It was great to be back in person at AICPA’s Engage Conference last week in Las Vegas! As a provider to the CPA profession, I was excited to see the conference grow in attendance and programming. I was equally excited to have an opportunity to be face to face with clients, prospects, colleagues, and friends.
As a technologist, I’m always interested in what problems my fellow providers have recently tackled as well as the experience that firms have with their solutions. And while I did a good bit of investigative work on new tech, the main themes I walked away with were around team building as it pertains to talent challenges, change management (the people side of change), and continued trends in managing an ever-evolving remote workforce.
The tone of the conference was set by Coach Mike Krzyzewski in his keynote in which he offered this observation: “the change induced by the pandemic is neither good, nor bad – it’s just change. It is up to all of us to determine that qualifier.” As we manage change around processes, remote work challenges, accelerated mergers and acquisitions, new solution implementation and staffing challenges, carefully listening for feedback from our clients and our staff and quickly acting on that feedback is key to creating great teams and managing change through our firms in a positive way.
A key piece of advice that was a slam dunk (sorry, I had to) for me was to focus on two questions with my teams – 1. What do you think? 2. How do you feel? Those two questions asked frequently enough, will provide the insight you need to guide your team to success and help create a culture of trust. That culture of trust is what will allow you to pivot quickly in adopting change of any kind. Knowing that you can count on your leadership and your teammates removes a lot of friction and can propel your firm forward. Here are a few other things I learned about teams in an array of sessions this year:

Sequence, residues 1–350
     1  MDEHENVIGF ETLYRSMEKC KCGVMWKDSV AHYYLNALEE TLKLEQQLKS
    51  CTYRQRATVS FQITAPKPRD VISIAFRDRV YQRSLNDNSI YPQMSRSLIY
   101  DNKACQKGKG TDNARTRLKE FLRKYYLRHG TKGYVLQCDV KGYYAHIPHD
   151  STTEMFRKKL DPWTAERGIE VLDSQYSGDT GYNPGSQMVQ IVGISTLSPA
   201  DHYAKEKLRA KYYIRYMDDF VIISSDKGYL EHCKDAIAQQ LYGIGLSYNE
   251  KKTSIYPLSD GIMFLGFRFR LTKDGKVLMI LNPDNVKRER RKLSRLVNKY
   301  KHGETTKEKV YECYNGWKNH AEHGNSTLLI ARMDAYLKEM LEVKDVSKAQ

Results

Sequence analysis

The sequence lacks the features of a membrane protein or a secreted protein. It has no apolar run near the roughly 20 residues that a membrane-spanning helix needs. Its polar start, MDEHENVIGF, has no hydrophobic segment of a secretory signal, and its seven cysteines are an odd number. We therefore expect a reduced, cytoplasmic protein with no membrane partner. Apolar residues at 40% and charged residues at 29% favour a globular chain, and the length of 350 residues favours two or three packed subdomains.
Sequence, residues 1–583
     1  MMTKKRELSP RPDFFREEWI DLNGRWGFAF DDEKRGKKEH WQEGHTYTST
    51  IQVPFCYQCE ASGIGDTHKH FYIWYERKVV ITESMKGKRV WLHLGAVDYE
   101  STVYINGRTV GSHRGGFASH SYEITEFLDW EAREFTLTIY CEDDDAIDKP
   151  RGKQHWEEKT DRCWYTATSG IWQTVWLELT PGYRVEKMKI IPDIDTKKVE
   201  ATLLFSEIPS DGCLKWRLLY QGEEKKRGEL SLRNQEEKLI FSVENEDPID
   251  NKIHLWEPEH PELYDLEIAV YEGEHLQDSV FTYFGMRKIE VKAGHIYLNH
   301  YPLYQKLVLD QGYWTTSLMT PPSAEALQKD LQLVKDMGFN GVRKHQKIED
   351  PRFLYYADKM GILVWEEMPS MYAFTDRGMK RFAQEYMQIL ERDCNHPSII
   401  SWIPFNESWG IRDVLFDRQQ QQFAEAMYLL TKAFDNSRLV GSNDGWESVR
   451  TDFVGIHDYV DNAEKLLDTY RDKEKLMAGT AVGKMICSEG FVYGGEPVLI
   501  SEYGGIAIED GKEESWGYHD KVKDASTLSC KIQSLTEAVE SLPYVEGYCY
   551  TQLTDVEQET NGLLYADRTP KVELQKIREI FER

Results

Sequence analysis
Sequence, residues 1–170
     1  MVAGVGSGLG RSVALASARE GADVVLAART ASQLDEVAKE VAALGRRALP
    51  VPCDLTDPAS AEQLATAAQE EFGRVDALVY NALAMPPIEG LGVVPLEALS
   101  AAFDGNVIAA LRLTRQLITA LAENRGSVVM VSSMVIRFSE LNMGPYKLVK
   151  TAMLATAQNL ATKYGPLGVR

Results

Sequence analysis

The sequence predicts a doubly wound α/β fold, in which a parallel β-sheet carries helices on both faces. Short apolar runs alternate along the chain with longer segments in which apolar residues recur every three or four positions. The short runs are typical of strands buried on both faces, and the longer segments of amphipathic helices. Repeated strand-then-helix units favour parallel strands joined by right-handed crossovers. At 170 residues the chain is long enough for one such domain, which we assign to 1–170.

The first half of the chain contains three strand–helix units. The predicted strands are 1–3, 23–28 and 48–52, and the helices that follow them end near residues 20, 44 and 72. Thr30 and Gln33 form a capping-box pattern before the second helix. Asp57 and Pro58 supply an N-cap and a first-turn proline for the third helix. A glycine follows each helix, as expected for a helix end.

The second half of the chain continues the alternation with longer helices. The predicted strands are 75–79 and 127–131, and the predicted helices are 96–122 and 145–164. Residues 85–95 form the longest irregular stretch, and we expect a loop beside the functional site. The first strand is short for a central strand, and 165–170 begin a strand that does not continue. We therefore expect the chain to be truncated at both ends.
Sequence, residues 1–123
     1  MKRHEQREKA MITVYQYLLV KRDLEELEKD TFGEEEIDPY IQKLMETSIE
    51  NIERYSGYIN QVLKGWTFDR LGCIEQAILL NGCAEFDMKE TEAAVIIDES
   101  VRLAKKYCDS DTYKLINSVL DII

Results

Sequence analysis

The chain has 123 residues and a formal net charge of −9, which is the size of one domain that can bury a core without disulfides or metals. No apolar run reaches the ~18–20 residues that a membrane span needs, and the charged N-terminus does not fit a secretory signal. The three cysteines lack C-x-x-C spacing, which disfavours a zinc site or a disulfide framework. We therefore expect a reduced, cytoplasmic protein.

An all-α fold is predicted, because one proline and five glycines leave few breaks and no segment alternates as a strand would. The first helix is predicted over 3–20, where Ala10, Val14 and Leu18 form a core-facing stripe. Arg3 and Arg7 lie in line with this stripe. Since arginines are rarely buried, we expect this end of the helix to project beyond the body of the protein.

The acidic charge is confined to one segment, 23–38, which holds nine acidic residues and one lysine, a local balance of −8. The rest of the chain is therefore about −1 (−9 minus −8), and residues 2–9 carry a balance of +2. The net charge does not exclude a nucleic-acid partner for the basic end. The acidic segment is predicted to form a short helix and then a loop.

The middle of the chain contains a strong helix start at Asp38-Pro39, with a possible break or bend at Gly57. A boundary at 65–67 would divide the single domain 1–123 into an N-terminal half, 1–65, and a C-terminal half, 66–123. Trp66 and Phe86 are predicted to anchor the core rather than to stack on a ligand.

- Building great teams is THE way to attract, retain and inspire talent and a way to drive profitability.
- In today’s market, finding great talent is much harder than finding great clients and requires the same level of focus and strategy.
- Service organizations are built on relationships, which is true of clients and client teams.
Onboarding was a hot topic as well. Once we get the right staff over the line to our side of the court (again, had to do it), creating a welcoming experience from multiple vectors is critical. Many speakers devoted time to DEI with a focus on inclusion and belonging. How do we ensure people from diverse backgrounds feel welcome in our firms? Another piece of wisdom from Coach K: “cultures built on values is what attracts and retains the best talent”. Asking those two key questions around how you feel and what you think go a long way to helping people feel valued and included. It would be interesting to consider how we can build those questions into the fabric of our firms to create a more inclusive culture.
Creating a digital experience that is welcoming works hand in glove with the work your talent acquisition teams are doing. There was quite a bit of discussion and debate around the best ways to do that and the best technologies to leverage, but there was no debate that the goal is a highly automated, employee centric digital onboarding experience with a coordinated digital learning and development program.
Trends around hiring outside of our geographic area was another popular topic at the conference. Challenges discussed included the need for follow the sun processes and support for outsourced talent and the unique cybersecurity challenges presented by leveraging outsourced organizations. Firms are tackling these issues both for outsourced firms and a more geographically dispersed workforce as regional firms are hiring nationally. Quick pivots from IT departments are necessary as we continue to grow the remote workforce.
Other important topics included firm leadership alignment and its impact on culture and client culling based on retention criteria beyond and including profit. The impact on our staff and culture that results from a difficult client is an important criterion to evaluate as we seek to continually improve that culture. With talent so difficult to get and retain, this has risen to the top of a lot of leadership discussions for culture and profitability.
With that I will say again that it was great to be at the conference in person and I look forward to working with firms this year who are including IT outsourcing in their strategic plans, freeing up internal IT to lean into automation projects, new solution implementations and remote work needs.
As any good problem solver will tell you, where there are challenges, there are opportunities. I remain optimistic about the changes we face today and want to play my part in making these changes positive.